Leading state in hate?

LIHUE — Kauai reported three hate crimes in 2013, according to a state Attorney General’s Hate Crimes in Hawaii report.

The report is generated annually by information from county prosecutors. Kauai had zero occurrences for the first 11 years that data has been collected — until this 12th report.

“I believe hate crimes — as defined by law — have always occurred, but we are doing a better job tracking and reporting these incidents in recent years,” said County Prosecuting Attorney Justin Kollar.

In 2014, there has been one incident classified as a reportable hate crime, Kollar said. The incident was motivated by racial bias.

There were four hate crime cases reported statewide in 2013. The incidents took place in 2012 but were resolved in 2013.

w The first incident occurred on Kauai on May 4, 2012. A 16-year-old female of Native Hawaiian descent reportedly punched, kicked and pulled the hair of two female victims, ages 12 and 15, while they were on a public bus together. The older girl did not know the victims and made anti-Caucasian statements after the assault.

If an offense is committed by a minor, or if it falls to the level of misdemeanor, it cannot be prosecuted as a hate crime under state law. However, if the prosecutor makes the determination it was motivated by bias, they are obligated to report it to the attorney general.

In this case, the 16-year-old was charged as a juvenile on two counts of third-degree assault, with two other drug and alcohol charges, which were dropped on Feb. 2, 2013. She was sentenced to probation until age 18, and ordered to perform 70 hours of community service, write letters of apology, complete classes on alternatives to violence, complete a substance abuse evaluation, and undergo random drug and alcohol testing.

w The second incident occurred on the Big Island on Nov. 13, 2012, when a 14-year-old Native Hawaiian female approached a female student in their school cafeteria, and said, “This is Micronesian versus Hawaiian Day.” Unprovoked, she repeatedly punched the victim in the face.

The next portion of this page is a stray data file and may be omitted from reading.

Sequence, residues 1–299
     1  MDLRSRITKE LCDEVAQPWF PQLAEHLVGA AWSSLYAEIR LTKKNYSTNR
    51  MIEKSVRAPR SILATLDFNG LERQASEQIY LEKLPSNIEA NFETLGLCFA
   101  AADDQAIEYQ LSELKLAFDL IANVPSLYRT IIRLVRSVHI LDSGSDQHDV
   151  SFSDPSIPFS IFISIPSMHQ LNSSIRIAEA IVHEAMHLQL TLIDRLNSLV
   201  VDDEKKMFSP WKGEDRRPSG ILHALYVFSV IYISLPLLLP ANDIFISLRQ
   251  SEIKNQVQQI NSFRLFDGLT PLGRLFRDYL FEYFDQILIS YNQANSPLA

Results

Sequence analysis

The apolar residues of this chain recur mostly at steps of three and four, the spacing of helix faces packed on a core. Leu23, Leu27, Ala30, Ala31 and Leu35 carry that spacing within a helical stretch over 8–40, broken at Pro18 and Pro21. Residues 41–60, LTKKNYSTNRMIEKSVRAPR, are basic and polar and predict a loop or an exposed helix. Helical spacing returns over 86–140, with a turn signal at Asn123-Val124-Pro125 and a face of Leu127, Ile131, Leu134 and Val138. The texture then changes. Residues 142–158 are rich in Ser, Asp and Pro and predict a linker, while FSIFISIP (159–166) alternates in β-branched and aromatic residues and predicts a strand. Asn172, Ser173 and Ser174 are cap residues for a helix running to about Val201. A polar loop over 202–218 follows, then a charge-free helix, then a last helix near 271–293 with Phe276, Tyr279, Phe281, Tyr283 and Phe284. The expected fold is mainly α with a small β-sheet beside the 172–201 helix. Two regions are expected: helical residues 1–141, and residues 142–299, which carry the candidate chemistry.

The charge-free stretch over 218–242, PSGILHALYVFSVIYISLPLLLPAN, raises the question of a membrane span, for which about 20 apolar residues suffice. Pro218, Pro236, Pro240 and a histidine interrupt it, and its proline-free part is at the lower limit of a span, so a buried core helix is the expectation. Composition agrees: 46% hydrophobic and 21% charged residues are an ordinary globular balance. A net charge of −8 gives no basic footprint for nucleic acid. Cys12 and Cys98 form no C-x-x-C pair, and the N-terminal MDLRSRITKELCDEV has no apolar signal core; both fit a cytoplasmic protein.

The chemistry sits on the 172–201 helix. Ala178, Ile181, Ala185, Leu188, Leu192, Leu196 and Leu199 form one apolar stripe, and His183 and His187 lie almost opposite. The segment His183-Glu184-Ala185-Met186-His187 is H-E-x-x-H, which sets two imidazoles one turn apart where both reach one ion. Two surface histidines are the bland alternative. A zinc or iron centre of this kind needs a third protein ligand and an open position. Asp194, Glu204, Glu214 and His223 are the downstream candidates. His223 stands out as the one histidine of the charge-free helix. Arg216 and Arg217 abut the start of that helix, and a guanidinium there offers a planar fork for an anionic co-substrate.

The offender was charged as a juvenile for third-degree assault and sentenced to eight months probation, and ordered to write a letter of apology to the victim, pay restitution, undergo a substance abuse evaluation and random drug and alcohol testing, and complete school with no absences.

w The third incident occurred on Kauai on Nov. 17, 2012, when an adult female visiting a hotel restaurant was punched by a 29-year-old Native Hawaiian male, who made anti-Caucasian remarks during the assault. On Nov. 19, 2013, the offender pleaded no contest to a third-degree assault and was sentenced to five days in jail and one year probation, ordered to pay restitution and undergo anger management and substance abuse treatment.

w The fourth incident occurred on Kauai on Dec. 28, 2012, when an adult male victim was grilling food with friends at a beach park when he was approached and assaulted by a 60-year-old Native Hawaiian male who attempted to shove the victim’s face into the grill while making anti-Filipino statements. On July 11, 2013, the offender pleaded no contest to felony second-degree assault and was sentenced to five years in prison, in part for his criminal history.

Under state law, a hate crime is a felony offense when committed by an adult offender. The prosecutor could ask for an additional five years in prison on top of the sentence for the crime.

Paul Perrone, chief of research and statistics for the state attorney general, said earlier this year that the law was not meant to make it illegal to register contentious opinions — unless those statements proceed felonious behavior, which adds the hate crime modifier to the existing offense.

A total of 21 hate crime cases were reported to the state from 2002 to 2013 for an average of 1.8 cases per year.

The state hate crime statistics remain consistent with the FBI program with an average of less than one case per participating agency per year, according to the report.


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